Ergonomics & Design

February 6, 2020

How to Design Ergonomics into the Workplace

“Designing in” workplace ergonomics is viewed as an integral part of an effective ergonomics process.  Non-office workplace environments are constantly changing – and new ergonomics challenges […]
October 10, 2019

Leveraging Ergonomic Design Guidelines

Effective ergonomics processes emphasize both improvement and prevention – reducing ergonomics risks in existing operations while ensuring the ergonomics acceptability of new products and equipment.  Ergonomic […]
May 13, 2014

An Equation to Predict Maximum Acceptable Efforts for Repetitive Tasks

Researcher Jim R. Potvin has proposed an equation that could have significant impact on the way ergonomists estimate risk for repetitive tasks. Potvin performed a meta-analysis of various psychophysical studies (e.g., Snook et al) that looked at the maximum acceptable efforts for a variety of tasks. He found that Duty Cycle, essentially the percentage of a job cycle that force or torque is exerted, can be used to predict maximum acceptable force and torque efforts.
April 2, 2014

Applied Anthropometry Improves Fit

Anthropometry is a primary consideration in ergonomics, yet is often misunderstood and misapplied in the design of equipment and systems. In this example of why ergonomics is not always "common sense," guest contributor Bruce Bradtmiller, a leading anthropometry expert, explains why it's important to understand the complexity of anthropometry, and provides an explanation of one technique called multivariate accommodation modeling (MAM) using principal component analysis (PCA). Sound complicated? Bradtmiller cuts through the complexity and provides a simplified understanding that will make you appreciate anthropometry in a new way next time you sit in a chair or glance into the cockpit of an airplane as you board. Creating a good fit is not as easy as some might think.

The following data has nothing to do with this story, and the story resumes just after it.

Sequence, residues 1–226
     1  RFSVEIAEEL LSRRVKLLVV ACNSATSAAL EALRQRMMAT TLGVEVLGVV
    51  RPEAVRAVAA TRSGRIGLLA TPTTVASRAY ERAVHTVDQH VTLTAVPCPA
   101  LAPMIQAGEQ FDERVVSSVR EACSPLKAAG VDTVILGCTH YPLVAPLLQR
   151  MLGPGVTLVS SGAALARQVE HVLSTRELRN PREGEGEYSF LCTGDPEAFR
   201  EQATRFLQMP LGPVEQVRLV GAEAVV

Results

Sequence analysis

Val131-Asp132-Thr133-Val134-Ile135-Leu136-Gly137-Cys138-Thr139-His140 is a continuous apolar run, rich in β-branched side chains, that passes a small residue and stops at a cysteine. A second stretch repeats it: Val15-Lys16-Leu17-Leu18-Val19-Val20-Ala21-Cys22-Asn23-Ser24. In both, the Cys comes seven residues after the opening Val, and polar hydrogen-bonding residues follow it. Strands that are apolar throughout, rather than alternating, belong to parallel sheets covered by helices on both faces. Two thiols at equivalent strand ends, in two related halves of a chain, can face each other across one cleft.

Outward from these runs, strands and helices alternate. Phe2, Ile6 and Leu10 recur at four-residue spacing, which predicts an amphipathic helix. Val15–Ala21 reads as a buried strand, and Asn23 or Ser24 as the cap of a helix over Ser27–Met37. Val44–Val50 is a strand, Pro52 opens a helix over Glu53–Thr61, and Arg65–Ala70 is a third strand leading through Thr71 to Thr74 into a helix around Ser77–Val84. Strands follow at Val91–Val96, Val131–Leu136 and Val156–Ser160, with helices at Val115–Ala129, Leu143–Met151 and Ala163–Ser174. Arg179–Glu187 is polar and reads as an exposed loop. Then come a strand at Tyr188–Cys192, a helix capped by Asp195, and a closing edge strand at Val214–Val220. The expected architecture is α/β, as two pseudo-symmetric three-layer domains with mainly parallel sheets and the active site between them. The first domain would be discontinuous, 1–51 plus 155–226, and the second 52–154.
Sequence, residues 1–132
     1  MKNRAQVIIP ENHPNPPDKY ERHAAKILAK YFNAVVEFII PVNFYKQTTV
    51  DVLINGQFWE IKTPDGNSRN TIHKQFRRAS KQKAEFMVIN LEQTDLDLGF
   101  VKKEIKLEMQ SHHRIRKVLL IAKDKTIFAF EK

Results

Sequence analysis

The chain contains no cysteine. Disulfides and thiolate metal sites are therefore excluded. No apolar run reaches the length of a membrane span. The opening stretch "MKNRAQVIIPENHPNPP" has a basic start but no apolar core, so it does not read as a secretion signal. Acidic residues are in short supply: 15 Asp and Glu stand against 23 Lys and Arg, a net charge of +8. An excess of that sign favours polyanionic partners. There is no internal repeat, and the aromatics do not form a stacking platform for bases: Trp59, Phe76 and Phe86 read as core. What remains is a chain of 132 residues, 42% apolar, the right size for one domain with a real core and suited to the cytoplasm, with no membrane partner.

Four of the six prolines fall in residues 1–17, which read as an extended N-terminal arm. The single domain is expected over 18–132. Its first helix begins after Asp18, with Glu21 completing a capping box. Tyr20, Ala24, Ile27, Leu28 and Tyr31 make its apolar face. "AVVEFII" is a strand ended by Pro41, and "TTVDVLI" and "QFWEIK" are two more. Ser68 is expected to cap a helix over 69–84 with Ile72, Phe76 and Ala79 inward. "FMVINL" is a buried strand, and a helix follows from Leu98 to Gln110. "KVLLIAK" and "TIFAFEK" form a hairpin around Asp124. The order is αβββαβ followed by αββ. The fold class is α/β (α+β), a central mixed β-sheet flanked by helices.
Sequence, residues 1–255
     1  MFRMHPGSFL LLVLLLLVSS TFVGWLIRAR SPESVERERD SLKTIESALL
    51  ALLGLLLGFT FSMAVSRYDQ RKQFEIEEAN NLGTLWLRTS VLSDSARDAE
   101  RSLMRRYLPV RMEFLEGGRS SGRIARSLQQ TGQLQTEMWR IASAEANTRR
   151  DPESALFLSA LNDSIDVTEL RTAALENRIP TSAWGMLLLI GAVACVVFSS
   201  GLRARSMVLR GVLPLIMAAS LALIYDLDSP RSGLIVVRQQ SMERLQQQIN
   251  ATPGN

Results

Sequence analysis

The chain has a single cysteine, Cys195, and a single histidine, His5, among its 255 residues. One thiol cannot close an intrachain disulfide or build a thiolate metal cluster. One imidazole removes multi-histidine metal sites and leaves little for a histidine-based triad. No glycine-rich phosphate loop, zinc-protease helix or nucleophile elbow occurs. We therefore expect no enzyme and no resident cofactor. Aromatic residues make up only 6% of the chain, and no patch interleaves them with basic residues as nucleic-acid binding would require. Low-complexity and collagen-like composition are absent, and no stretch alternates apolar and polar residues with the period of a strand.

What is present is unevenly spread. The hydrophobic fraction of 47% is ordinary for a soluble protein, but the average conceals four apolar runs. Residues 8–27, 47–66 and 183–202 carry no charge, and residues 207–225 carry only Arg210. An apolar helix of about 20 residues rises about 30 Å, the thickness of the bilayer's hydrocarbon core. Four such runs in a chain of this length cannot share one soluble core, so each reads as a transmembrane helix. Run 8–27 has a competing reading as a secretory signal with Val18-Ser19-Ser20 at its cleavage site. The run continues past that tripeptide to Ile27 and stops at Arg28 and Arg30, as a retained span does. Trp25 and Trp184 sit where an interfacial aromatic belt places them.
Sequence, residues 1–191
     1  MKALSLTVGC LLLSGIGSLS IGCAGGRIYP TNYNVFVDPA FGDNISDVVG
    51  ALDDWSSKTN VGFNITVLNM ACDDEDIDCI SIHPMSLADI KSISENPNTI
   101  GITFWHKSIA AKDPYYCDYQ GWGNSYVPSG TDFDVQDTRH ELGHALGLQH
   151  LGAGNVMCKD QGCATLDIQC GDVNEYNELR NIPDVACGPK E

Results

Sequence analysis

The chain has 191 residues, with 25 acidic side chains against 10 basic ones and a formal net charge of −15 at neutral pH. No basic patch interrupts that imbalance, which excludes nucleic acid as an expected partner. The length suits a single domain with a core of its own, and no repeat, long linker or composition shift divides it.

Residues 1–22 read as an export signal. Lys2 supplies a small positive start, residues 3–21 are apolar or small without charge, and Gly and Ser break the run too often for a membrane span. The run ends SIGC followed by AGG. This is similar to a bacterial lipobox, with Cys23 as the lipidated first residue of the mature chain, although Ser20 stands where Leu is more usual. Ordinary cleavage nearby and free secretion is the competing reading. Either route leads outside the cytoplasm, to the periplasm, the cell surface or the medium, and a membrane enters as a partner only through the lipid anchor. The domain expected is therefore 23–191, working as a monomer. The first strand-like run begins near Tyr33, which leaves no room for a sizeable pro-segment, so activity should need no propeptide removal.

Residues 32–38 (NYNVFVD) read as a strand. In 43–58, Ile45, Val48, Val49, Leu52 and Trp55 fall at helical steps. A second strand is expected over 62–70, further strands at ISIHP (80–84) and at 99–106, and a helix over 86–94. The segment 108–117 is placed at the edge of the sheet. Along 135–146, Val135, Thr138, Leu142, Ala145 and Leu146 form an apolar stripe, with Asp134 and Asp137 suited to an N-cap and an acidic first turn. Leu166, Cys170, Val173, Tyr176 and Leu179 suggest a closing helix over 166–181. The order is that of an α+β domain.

February 5, 2014

Review of Hand/Wrist/Arm Ergonomics Analysis Methods: Part 1

Peter Budnick reviews and summarizes a chapter from "Reviews of Human Factors and Ergonomics" in which researchers Arun Garg and Jay Kapellusch provide an overview of the scientific basis and application of "Job Analysis Techniques for Distal Upper Extremity Disorders". In Part 1 of this 2 part series, Budnick covers the scientific basis for various analysis tools (to be discussed in the forthcoming Part 2) and summarizes specific data that ergonomists can use in the analysis and prevention of hand/wrist/arm workplace musculoskeletal disorders (WMSDs).
July 31, 2013

Origins of Active Furniture Design

When Jack Kelley began his career as a furniture designer in the 1960s, he had never heard of ergonomics. Few furniture designers had. Interviewed for The Ergonomics Report
January 30, 2013

Thumb Reach Distances and Envelopes for Handheld Devices

Applied researchers Otten, Karn and Parsons where tasked with designing a handheld consumer camera requiring thumb operated controls. They were surprised to find that very little data was available for such devices, so they embarked on a collaborative research and design project to collect their own data, which they later shared in the published journal Human Factors. Peter Budnick reviews their work, describing it as a good example of "informed design," which he describes requiring an ergonomic, human-centered approach. The researchers also used novel techniques to collect thumb reach distance and envelope data, and also applied the "Mr. Potato Head" method to investigate control location preferences.